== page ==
EFL Reporter @simgholam
Joey Barton discusses first steps in management, giving up playing, and the success of Steven Gerrard and Frank Lampard
Fleetwood face Walsall on Saturday, live on Sky Sports Football from 11.30am.
Last Updated: 17/11/18 12:17pm
Joey Barton may only have officially retired from playing in the summer, but his planned first steps into management have been years in the making.
Not that all the preparation has helped him much so far at Fleetwood.
"For me it has been a case of years of thinking, planning and anticipating what you were going to do coming to fruition," he told Sky Sports. "And then all those best-laid plans going right out the window!
"Everything you think you'll face you do and then more, but it has been really enjoyable and every day is a real learning experience.
"I don't think anything can ever prepare you for it. It's a role that varies from club to club and you can have all manner of things going on in any given day. You really have to think about the ramifications of any decision or any interaction."
It has been a solid enough start to life at Highbury for the rookie manager. The club sit 12th in the League One table heading into their clash with Walsall on Saturday lunchtime, which is live on Sky Sports Football.
There have been the highs of 5-0 and 4-0 wins at Scunthorpe and Doncaster respectively, although their form has tailed off a little in the last few weeks. But for Barton, it is all part of the learning curve.
"Getting the job was a case of timing and opportunity," Barton said. "Fleetwood were changing managers and wanted to speak with me, and I couldn't refuse that opportunity.
"It has been a bit of a baptism of fire because I didn't really know much about the level and there were a lot of grounds I hadn't visited before this season. But it's the perfect breeding ground for me and a place where I know I can fulfil my potential.
"It's enough out of the spotlight to be able to make mistakes and learn from them, while also not getting too much praise when you do really get it right."
Barton entered management in the same summer as two other former English midfielders in Steven Gerrard and Frank Lampard, who are enjoying bright starts at Rangers and Derby respectively. And he is glad to see players from his generation choosing the coaching and management route.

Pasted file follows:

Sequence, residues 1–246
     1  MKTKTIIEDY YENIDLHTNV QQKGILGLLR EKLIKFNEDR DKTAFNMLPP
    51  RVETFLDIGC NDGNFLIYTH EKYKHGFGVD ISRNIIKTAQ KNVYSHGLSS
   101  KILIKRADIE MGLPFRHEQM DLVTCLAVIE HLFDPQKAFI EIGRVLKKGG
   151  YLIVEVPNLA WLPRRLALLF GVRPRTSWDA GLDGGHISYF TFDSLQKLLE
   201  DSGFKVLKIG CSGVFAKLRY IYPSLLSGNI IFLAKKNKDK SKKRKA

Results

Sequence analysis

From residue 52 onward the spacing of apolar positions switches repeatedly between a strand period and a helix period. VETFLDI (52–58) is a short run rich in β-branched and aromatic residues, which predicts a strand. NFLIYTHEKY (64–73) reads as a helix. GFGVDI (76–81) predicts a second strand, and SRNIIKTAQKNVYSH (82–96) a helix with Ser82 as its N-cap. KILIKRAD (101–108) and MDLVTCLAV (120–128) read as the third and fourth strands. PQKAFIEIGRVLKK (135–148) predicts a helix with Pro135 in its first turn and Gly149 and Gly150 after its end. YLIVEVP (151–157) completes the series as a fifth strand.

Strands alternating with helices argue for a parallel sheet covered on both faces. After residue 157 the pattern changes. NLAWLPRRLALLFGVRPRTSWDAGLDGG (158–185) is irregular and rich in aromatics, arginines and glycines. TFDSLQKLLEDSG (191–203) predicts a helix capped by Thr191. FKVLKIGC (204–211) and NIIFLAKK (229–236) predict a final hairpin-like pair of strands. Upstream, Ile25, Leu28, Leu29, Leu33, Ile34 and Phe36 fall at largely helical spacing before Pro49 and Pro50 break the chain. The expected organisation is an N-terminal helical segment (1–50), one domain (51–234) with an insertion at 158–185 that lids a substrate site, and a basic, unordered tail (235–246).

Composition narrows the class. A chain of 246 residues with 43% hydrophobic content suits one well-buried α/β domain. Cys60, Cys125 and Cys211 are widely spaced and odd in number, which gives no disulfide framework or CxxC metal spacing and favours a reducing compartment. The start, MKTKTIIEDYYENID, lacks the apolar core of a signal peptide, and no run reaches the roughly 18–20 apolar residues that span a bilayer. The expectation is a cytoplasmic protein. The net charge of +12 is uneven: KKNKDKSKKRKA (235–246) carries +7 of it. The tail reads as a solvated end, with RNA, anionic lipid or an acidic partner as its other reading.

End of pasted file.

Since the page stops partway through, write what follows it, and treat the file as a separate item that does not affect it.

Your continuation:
"You just knew they would get those kinds of jobs because they were such incredible players and they earned them through the respect they have," said Barton. "You want those people at your football club.
"It was slightly different for me because I was fighting against a little bit of a chequered past, shall we say! And I knew I had to navigate that. But for me there was no problem with that because I knew I wanted to do this job and I want to do it for the next 30-odd years, if I'm fortunate enough to last that long.
"You have to take confidence from how well everyone has done, and not only the lads who have played in the same era as me but other new managers who have also done really well. It shows there are a nucleus of good, young British coaches out there who are willing to get their hands dirty and maybe not always sit in the TV studios like they used to! They're putting their necks on the line.
"I'm as aware as anybody that it is a results business and Steven and Frank will be as well. That's the nature of this industry and you can't sign up for it if you don't expect that. Sometimes it can get tough and you need to dig deep and trust your character to get through those moments.
"You have to be prepared to roll your sleeves up. Steven and Frank were both phenomenal players who faced lots of adversity and no doubt that will stand them in good stead, because they have both made fantastic starts."
The difference between Barton and Gerrard and Lampard was that the latter two saw their playing careers come to a natural conclusion, while the "chequered past" that Barton refers to brought an end to his.
He admits it was difficult to give it up at first, but he knew it was the right thing to do if he wanted to make a success of management.
"I definitely thought about it long and hard, but you get to the realisation that you have had your career and it is a chance for someone else to have a go," he said.
"When you have been playing at a certain level it is tough to get back to that and stay there. Then where do you go if you can't? I weighed all those things up.
"I've wanted to coach since I can remember and I realised if you want to become the best at this then you have to knock playing on the head.
"The way it ended wasn't ideal but I can live with it. I have seen much better players than me going out with a whimper. While I probably would have done that had I not been given the ban by the FA, I'm glad it didn't happen to me.
"I was playing for a club I loved playing for in Burnley and I went out at the top level playing against Manchester United and Paul Pogba on the TV. It's not a bad way to end your career."